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During a recent bedside visit, clinician Geri Moss spoke with a Marine veteran who needed to upgrade his disability benefits. She connected him with Welcome Home Vets of New Jersey (WHVNJ). The patient was discharged from the hospital, but eventually returned to our hospice unit before passing away. Geri asked about the family’s wishes; his wife wanted him to be laid out in a Marine uniform but didn’t have one on hand. WHVNJ & True North were committed to making the family’s wish happen. A fellow veteran from WHVNJ found a uniform in the correct size and delivered it to the funeral home. The wife was grateful for the final respectful tribute to her husband. The valiant effort resulted in True North and the Behavioral Health Department receiving an “Extraordinary Caring” award from Atlantic Health System.
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The adult Atlantic Inflammatory Bowel Disease Center of Excellence is a multidisciplinary service that offers personalized care to patients with Crohn’s Disease and Ulcerative Colitis.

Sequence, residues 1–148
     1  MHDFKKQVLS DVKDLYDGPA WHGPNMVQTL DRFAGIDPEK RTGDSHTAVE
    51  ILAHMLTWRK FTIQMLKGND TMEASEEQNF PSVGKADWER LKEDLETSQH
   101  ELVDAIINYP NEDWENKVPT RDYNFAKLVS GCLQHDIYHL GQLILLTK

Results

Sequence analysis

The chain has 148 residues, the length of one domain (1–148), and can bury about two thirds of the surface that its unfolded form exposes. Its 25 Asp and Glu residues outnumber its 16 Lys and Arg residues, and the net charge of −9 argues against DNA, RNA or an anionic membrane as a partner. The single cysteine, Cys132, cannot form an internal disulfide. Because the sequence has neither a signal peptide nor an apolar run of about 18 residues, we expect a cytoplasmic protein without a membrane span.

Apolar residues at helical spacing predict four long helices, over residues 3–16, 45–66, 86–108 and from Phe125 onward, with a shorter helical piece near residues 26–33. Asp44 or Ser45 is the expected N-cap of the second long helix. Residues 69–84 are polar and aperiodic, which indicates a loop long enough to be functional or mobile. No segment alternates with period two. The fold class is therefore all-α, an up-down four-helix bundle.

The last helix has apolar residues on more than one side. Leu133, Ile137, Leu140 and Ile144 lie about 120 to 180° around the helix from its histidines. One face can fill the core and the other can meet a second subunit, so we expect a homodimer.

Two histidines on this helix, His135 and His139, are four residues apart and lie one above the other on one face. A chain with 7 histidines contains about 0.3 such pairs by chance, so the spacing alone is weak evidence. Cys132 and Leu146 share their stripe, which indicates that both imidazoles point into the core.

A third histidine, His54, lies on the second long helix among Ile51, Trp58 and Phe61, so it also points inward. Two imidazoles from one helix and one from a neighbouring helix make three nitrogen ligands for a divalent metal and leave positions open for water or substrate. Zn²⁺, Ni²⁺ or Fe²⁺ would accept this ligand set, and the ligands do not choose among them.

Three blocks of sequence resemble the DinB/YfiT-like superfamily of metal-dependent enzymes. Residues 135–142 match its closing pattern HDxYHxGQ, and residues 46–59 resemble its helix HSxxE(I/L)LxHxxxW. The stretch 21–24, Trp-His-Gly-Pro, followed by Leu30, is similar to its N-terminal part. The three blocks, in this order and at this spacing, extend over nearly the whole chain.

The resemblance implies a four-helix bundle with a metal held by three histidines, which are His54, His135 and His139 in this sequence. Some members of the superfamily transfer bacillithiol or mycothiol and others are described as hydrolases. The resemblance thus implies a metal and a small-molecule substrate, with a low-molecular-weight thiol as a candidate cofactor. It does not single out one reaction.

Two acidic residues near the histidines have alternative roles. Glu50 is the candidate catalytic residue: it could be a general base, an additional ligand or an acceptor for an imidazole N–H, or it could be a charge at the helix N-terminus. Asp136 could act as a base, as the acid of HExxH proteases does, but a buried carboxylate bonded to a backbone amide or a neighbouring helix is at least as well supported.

We are involved in several phase-two and phase-three clinical trials involving novel biologics and small molecules aimed at restoring the immune balance and developing novel biomarkers to help guide the choice of immunotherapy while uncovering the relation between obesity and gut inflammation.
In collaboration with the American Gastroenterology Association we are defining the role of stool transplant in patients with Clostridium Difficile infection and identifying side effects.
Our research has been presented at national and international meetings in 2019 and several manuscripts are submitted for publication.
Photopheresis or extracorporeal photochemotherapy (ECP) is a treatment that uses ultraviolet (UV) light to activate a medication called methoxsalen that works in the blood to prevent diseased cells from reproducing themselves.
In 2019, the Emil P. Bisaccia, MD, Center for Photopheresis at Morristown Medical Center:
Unrestricted funds directly support the community through initiatives such as diabetes control. The goal of the program was to reduce the percent of uncontrolled type 2 diabetes patients by the end of December 2019, utilizing a Community Health Worker (CHW) to focus on underserved Internal Medicine Faculty Associates (IMFA) patients with poorly controlled diabetes.
“It wasn’t a good prognosis. It was either going to turn out very bad, or very good. It turned out very good, but he was hanging on a thread for a while.”